Tuesday, April 14, 2015

A Facebook Visit

So I'm still struggling to figure out how to utilize Facebook as a platform on which we can communicate. I enjoy spending time on Facebook as an individual, seeing what others are posting and sharing the patterns and posts that I think my friends will like. But on the ManyCreativeGifts page (www.facebook.com/ManyCreativeGifts), I usually try to remember to update when I've done a new blog post or received word about my beloved Petunia but haven't really figured out how to make that page a place worth visiting!  So I'm asking you to help me :-). Please visit my Facebook page and respond to my post requesting comments on what YOU want to see on the page. All commenters will receive a special thank you, which should be ready in the next day or two. THANK YOU!!

Friday, April 10, 2015

A Special Anniversary Discount

As I promised, we're going to be doing a little celebrating for the rest of April, and the first special involves 50% off in my Ravelry store (http://www.ravelry.com/stores/phyllis-serbes-designs---many-creative-gifts).  Just use the coupon code "HappyAnniversary" between now and 11:59 PM EDT on April 19th.  There's no minimum purchase required, so I hope you'll give one of my patterns a try :-)

Visit our Facebook page next Tuesday for the next little surprise!

Tuesday, April 7, 2015

Crochet is NOT Yoga!

Now, don't get me wrong, I love both, but I'm a bit miffed with all the "hey, we've discovered crochet" articles lately!  There was an article just the other day in the Washington Post Express magazine here.  Now, again, it's awesome that crochet groups and guilds (I'm a proud member of CGOA and Crochetville!) are popping up everywhere and that people are drawn to trying crochet and utilizing it in all sorts of different ways.  But, for those of us who've been doing it for a loooooong time, we know the mental and physical benefits of crochet, and yours truly here has been talking about them for 10 years now.  In fact, I'm realizing we just passed Many Creative Gifts' 10th Year Anniversary on April 5th.  Wow, well, stay tuned for some special celebrations throughout this month ;-)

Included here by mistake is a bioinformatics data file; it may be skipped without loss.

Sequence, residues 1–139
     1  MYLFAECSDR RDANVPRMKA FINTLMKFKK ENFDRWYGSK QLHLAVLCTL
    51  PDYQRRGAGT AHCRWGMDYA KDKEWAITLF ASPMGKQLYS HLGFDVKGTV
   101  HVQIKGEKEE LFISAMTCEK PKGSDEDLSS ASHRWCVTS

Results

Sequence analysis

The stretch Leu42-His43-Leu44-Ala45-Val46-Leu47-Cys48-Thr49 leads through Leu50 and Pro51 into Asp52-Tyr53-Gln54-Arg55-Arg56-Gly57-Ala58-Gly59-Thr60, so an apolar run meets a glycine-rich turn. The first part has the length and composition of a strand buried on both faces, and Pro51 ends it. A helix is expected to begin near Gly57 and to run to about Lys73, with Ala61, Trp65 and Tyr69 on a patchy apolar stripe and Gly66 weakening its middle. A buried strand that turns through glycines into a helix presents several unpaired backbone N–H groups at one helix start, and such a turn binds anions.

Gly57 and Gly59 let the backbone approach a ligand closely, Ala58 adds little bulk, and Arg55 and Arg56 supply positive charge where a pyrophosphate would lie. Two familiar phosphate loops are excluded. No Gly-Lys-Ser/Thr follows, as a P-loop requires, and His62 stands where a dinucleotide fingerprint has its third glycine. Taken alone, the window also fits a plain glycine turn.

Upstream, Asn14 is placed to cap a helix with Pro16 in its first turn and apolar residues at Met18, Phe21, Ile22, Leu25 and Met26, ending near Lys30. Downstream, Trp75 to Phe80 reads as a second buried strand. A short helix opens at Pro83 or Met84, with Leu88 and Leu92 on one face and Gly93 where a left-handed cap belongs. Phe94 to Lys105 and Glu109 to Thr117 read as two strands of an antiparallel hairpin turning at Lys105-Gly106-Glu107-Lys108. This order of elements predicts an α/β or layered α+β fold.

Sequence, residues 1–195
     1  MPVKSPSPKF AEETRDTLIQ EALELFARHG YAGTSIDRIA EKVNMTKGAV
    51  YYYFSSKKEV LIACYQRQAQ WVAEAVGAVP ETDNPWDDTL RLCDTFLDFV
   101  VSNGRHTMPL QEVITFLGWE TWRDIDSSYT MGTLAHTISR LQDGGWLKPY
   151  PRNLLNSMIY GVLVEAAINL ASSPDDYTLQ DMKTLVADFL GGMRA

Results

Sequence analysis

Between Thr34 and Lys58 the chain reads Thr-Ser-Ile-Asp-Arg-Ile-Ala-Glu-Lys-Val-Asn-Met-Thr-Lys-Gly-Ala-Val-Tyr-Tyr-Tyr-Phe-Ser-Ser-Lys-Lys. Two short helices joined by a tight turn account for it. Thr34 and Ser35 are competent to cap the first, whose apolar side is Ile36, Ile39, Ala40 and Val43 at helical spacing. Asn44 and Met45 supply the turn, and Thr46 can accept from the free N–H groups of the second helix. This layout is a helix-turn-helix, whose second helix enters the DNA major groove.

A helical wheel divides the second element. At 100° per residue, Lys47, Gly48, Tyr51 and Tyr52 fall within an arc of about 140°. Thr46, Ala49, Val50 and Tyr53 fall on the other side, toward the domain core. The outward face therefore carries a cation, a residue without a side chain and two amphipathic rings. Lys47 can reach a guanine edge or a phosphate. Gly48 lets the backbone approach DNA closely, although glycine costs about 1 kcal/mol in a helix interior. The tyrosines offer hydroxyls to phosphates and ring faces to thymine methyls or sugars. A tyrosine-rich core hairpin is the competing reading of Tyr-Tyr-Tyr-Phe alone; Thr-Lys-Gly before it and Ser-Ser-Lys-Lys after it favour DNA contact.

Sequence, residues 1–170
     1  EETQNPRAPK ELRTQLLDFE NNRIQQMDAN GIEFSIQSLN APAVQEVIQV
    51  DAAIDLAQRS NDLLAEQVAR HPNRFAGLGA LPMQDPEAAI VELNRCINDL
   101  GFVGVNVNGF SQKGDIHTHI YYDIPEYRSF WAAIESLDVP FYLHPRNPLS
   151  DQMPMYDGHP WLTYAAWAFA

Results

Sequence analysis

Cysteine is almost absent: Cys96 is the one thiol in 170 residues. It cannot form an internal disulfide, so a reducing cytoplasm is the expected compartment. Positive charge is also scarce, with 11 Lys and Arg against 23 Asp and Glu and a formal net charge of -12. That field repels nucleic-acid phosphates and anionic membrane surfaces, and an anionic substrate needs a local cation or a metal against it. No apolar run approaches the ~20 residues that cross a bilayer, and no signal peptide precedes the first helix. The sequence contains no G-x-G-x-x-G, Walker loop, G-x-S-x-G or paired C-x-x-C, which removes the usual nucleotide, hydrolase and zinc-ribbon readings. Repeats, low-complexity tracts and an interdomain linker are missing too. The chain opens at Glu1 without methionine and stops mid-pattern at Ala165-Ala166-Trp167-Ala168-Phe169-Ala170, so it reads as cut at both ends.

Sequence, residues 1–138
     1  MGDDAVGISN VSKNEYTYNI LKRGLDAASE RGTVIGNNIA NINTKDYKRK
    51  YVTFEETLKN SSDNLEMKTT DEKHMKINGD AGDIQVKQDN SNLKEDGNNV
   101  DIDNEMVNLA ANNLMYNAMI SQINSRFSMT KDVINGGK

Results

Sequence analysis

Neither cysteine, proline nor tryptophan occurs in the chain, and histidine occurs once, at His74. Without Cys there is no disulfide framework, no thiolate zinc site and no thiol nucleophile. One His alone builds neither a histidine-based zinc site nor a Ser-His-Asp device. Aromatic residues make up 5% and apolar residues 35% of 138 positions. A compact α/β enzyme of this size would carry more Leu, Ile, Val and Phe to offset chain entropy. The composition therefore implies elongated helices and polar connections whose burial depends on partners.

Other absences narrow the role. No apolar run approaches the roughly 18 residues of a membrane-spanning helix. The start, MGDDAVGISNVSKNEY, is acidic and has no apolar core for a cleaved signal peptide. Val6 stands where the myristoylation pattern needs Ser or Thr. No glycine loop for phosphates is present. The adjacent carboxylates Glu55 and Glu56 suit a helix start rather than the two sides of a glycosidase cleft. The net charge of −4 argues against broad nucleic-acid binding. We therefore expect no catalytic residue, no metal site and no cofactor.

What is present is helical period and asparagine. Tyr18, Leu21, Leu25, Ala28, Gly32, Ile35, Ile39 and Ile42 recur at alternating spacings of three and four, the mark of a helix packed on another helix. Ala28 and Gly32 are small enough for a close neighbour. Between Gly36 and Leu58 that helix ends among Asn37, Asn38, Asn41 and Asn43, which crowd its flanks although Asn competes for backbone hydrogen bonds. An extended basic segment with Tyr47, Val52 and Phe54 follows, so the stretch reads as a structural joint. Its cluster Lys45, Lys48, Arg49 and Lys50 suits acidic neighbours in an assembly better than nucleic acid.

But, I digress.  My main point is that we Americans seem to need to take ancient practices (yoga has been around for millenniums, and crochet is centuries old) and make them new and trendy.  And then we tire of them and have to find the next big thing.  Well, I know my dear readers, both new to crochet and old hats at it, appreciate the virtues of crochet and are not approaching it as a passing fad.  Each crocheter has her or his reason(s) for taking up the craft:  for relaxation, to do something tangible and useful with your hands, to give or donate special mementos, and on and on...  Whether you crochet by yourself for yourself or in a large group for charitable reasons or a bit of both, crochet means whatever it means to you, and as long as it remains meaningful to you in whatever way, please continue to embrace it no matter whether it's the latest trend.

Ok, off my soap box and onto the celebration!  For the month of April, I'll be having some really great specials in my Ravelry store and through this blog, so come back on Friday and see what's here!

Tuesday, March 31, 2015

Baby Hat Obsession

A number of my friends are having babies!  And boys, so I've been trying to find out-of-the ordinary ways to make some boy baby gifts.  I came across these two knit baby hat patterns that I just love:  Tegan by Julie Taylor and a scalloped hat from Marie Carlander's blog (don't worry, keep scrolling down her site for the English version).  I loved them so much, I really became obsessed with knitting them.  Plus, as beautiful as a crocheted baby hat is, it just won't have the same stretchiness that a knit one does. 

Now, mind you, I can do simple knitting, but using DPNs (double point needles) and a circular needle are quite new to me.  Joelle from Wandering Wool helped me pick out the right needles from Chia Goo (affiliate link below), and I like them a lot.  I've been using Cascade Yarns 220 Superwash because it's machine washable and can be tumble dried and it's just soft and great to work with. 

But, really, whether it's crochet or knitting, it's all about repetition and practicing.  Now that I'm on my fourth hat, it's feeling quite good. 




I think the skull pattern turned out pretty good too since it was my first try at using two colors and making an image in the knitting.  The dad-to-be is the sweetest guy but has lots of tattoos, etc., so I knew I had to come up with an edgy baby hat :-).  More pix to come!